Edward Thompson Co. v. Baldwin

Decision Date18 September 1901
Citation87 N.W. 307,62 Neb. 530
CourtNebraska Supreme Court
Syllabus by the Court.

1. Evidence held insufficient to support the plea of payment.

2. In a contract for the conditional sale of books, the deferred payments being evidenced by the promissory notes of the vendee, it was claimed a material alteration had been made by the interlineation of the words “interest at six per cent. on notes remaining over a year.” Held such words to be only descriptive of the notes referred to, and in the nature of a memorandum reference, and that such words did not constitute a material alteration of the contract of sale; the notes referred to being the instruments which determined the rate of interest they bore.

3. Where a series of notes were given in payment of books sold conditionally, and proof was tendered showing that a part of the notes had been materially altered, held that such alteration did not vitiate the contract of conditional sale or the unpaid notes, regarding which no alteration was claimed.

4. Where the property had been delivered to the vendee under a contract of conditional sale, and a part of the notes given for the purchase price, against which no valid defense existed, were past due and unpaid, held, under the terms of the contract, the vendor might lawfully regain possession of the property, and terminate the contract.

Error to district court, Douglas county; Slabaugh, Judge.

Action by the Edward Thompson Company against A. E. Baldwin. Verdict for defendant, and plaintiff brings error. Reversed.Richard S. Horton, for plaintiff in error.

John D. Ware and John H. Grossman, for defendant in error.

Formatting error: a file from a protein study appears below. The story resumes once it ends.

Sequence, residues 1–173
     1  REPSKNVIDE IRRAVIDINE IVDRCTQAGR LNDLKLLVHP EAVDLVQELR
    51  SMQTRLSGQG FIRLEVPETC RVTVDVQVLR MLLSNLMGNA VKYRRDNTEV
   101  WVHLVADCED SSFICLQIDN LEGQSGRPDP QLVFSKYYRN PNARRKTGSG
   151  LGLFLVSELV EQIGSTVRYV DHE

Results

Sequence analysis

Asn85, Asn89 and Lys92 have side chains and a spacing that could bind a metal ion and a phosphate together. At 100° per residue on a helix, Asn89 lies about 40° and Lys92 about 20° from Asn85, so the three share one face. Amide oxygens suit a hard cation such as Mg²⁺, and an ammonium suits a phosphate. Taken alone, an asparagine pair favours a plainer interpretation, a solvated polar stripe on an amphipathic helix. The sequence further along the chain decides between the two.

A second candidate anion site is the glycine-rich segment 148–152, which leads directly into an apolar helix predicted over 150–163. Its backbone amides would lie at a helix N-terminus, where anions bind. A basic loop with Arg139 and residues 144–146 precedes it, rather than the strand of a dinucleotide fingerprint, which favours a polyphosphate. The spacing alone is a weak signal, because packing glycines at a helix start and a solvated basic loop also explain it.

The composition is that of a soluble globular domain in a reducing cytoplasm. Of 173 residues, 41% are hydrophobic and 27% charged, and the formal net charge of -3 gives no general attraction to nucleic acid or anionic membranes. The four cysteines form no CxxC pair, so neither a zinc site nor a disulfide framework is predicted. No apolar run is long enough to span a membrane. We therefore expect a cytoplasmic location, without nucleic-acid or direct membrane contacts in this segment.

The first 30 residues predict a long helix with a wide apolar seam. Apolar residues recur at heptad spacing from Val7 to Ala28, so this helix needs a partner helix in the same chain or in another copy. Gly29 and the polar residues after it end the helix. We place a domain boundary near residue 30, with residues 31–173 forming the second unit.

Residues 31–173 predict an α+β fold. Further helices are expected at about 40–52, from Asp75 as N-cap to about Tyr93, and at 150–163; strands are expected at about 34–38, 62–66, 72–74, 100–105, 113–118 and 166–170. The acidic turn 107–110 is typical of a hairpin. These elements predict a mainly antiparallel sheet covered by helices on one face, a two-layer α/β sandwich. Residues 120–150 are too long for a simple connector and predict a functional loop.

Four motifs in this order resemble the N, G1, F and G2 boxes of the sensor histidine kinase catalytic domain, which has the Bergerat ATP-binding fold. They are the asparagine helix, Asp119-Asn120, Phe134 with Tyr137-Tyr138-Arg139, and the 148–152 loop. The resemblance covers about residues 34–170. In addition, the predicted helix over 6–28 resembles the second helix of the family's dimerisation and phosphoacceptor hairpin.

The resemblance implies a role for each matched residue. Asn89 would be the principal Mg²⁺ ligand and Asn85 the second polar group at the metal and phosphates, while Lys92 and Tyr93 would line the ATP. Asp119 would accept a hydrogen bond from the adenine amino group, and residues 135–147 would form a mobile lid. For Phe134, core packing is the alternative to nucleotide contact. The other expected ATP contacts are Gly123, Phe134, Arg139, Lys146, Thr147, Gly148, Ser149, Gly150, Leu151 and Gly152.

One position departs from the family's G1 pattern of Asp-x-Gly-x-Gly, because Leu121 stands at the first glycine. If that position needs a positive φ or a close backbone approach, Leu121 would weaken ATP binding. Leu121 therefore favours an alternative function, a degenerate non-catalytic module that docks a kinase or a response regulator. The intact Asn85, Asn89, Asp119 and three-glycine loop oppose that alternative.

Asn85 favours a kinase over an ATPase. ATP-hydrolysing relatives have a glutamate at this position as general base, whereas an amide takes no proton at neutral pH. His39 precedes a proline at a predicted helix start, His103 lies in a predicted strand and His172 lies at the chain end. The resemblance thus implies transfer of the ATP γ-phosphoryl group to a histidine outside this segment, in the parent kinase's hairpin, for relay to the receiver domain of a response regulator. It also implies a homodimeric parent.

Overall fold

In the trial court the jury were instructed peremptorily to return a verdict in favor of the defendant, which was accordingly done. On the verdict thus returned, after overruling a motion for a new trial, judgment was rendered against the plaintiff, from which it prosecutes error proceedings from the court below to obtain a review of the trial therein had. The plaintiff began an action in replevin for the recovery of the possession of 23 volumes of the American and English Encyclopedia of Law, then held by the defendant under a contract for the sale of the property on condition. By the contract of sale the title to the property was not to pass to the defendant until the books were paid for, and, in the event of his failure to pay any of the installments according to the stipulations in the contract, the plaintiff was authorized to take into its possession the property sold conditionally, and terminate the contract. The defendant filed a general denial. He asked judgment for a return of the property, on the grounds of payment and an alleged material alteration of the contract of sale. The principal and substantial ground upon which the defendant seeks to avoid responsibility under his contract, as we take it from the record, is the alleged alteration of the instrument. The plea of payment is puerile, and unworthy of serious consideration. It is disclosed that at the time defendant received the books under his contract he paid $12 in cash, and executed and delivered his 9 promissory notes of $14 each, making a total of $138,--the contract price. A receipt was given for the cash and notes, and it is contended that this, in connection with defendant's testimony that he “paid all,” constitutes evidence justifying the conclusion that full payment had been made. The evidence does not warrant the conclusion, and this defense must be brushed aside without further notice. Under the contract of sale, the defendant obligated himself to pay $12 cash on delivery of the books, and to execute his 9 notes, payable to plaintiff's order, without interest, for $14 each, the first payable in 2 months, and one falling due every 2 months thereafter, the last one falling due in 18 months from date. There was also an order to send defendant the succeeding volumes of the work as rapidly as published until the complete number of volumes had been delivered. It is stated: “I agree...

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